August in China: Guangzhou Goose Galore

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I started August in China by crashing at Tortoise’s pad in Guangzhou. She wasn’t too impressed with the food there compared to her native Hong Kong, so I didn’t get many recommendations for where to go for good food. All I knew was that bird flu warnings or not, I was going to get my fill of goose.

And boy did I get my fill. One evening I walked down Beijing Street, a crowded shopping street crammed with tiny shops. Turning into one of the garrets, I found a little eating place like those pseudo-coffeeshops in Far East Plaza. This one had roast goose and I happily tucked into the soft kway tiao and msg-laden soup.

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In my last few days in Guangzhou, I was caught by Typhoon Nuri which was given a typhoon warning of 10! Tortoise had already evacuated back to Hong Kong but I had to stay put because of visa issues. I spent two days haunting her apartment, doing nothing but braving the occasional trip out to get food and then watching the Olympics on cable.

Tortoise had the good sense to stay nearby some decent food. There was this Teochew place that had braised goose. Ducking into the shop during lunch time, I asked for just a goose drumstick, but they only sold it by weight. I ended up ordering a jin (500 g) of goose, which worked out to beĀ  about a third of the bird. I went the faux-Atkins route and had it accompanied only by vegetables. Boy was it heavenly.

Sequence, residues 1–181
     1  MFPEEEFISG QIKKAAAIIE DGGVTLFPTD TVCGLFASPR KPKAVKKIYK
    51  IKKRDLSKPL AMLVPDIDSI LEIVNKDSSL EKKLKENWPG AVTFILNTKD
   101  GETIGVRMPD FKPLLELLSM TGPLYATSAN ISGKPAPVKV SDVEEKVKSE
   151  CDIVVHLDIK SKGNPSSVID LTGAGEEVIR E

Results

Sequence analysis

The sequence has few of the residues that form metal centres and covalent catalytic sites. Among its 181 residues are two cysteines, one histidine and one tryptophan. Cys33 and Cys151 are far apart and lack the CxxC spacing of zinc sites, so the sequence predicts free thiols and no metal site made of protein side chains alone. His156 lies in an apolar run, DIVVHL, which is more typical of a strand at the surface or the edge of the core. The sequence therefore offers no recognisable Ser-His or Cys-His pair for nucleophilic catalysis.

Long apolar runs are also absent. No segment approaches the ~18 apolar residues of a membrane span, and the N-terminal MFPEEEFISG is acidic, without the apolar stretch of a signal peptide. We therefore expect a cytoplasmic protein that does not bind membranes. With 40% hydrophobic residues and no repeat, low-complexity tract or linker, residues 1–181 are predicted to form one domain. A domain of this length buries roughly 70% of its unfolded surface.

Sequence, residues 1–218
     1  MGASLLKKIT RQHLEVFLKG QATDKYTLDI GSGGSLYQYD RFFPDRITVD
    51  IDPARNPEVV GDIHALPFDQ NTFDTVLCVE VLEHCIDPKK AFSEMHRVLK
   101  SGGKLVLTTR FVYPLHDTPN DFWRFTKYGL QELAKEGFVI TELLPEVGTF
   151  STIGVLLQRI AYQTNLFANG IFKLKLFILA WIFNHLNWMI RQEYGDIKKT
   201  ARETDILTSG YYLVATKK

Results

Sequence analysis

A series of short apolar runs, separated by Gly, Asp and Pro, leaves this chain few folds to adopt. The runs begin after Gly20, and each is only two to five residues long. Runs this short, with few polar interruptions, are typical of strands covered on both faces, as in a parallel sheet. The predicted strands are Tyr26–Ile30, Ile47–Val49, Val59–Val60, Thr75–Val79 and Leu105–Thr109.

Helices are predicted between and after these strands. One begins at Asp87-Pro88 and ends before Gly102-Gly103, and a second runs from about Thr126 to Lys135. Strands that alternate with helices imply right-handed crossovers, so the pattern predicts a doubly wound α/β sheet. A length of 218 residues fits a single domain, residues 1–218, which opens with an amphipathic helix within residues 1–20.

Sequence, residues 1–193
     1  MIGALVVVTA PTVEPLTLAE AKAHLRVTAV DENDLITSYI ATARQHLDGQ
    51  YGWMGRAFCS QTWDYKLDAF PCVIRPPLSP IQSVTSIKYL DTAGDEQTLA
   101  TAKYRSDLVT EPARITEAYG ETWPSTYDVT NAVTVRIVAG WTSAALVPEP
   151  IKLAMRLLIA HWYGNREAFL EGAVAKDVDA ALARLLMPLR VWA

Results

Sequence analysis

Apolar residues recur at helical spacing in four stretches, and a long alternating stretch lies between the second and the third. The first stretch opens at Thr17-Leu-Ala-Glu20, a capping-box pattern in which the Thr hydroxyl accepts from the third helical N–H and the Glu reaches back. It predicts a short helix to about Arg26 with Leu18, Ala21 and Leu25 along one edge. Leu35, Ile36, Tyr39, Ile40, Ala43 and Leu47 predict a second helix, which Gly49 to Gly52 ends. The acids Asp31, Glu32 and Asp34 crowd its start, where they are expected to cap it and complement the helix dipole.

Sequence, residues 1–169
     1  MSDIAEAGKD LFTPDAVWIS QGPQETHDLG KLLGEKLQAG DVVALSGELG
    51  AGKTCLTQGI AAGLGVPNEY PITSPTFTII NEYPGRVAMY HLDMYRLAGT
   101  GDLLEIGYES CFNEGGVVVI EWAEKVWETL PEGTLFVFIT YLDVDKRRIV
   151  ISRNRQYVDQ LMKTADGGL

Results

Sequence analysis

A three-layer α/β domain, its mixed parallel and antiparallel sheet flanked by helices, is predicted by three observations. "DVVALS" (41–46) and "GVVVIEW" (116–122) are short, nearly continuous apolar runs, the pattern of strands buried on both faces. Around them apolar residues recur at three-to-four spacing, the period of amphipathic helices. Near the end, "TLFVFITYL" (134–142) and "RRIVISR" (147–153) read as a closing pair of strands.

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I ate the rest of it for dinner. And for breakfast the next morning, both in front of the TV watching Typhoon Nuri’s progress.

Another time, I made it to the Chinese fast food chain Zhen Gong Fu (literally: real kungfu), complete with Bruce Lee cartoon image. I’m guessing that they probably just lifted his image from some website and didn’t bother with copyrighting. The restaurant itself, if you can call it that, looked exactly like a McDonalds or KFC. You’ll have to look closely at the picture below to realise that they actually sold steamed dishes.

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A typical set meal consisted of a double-boiled soup, some kind of steamed meat and steamed vegetables. The Cantonese in me expected to have something vaguely wholesome and at the very least not too oily, but fast food is fast food and China is China. I had some kind of pork herbal soup covered with a layer of oil, chicken in black bean paste and too much oil, and steamed iceberg lettuce with (no prizes here) way too much oil. I suppose it’s still better in the nutritional scale than McDonalds anyway. Great concept though. I wonder if it’ll fly in Singapore.

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Nuri soon fizzled out and it was back to my regular programming of pulling up a stool at a roadside stall.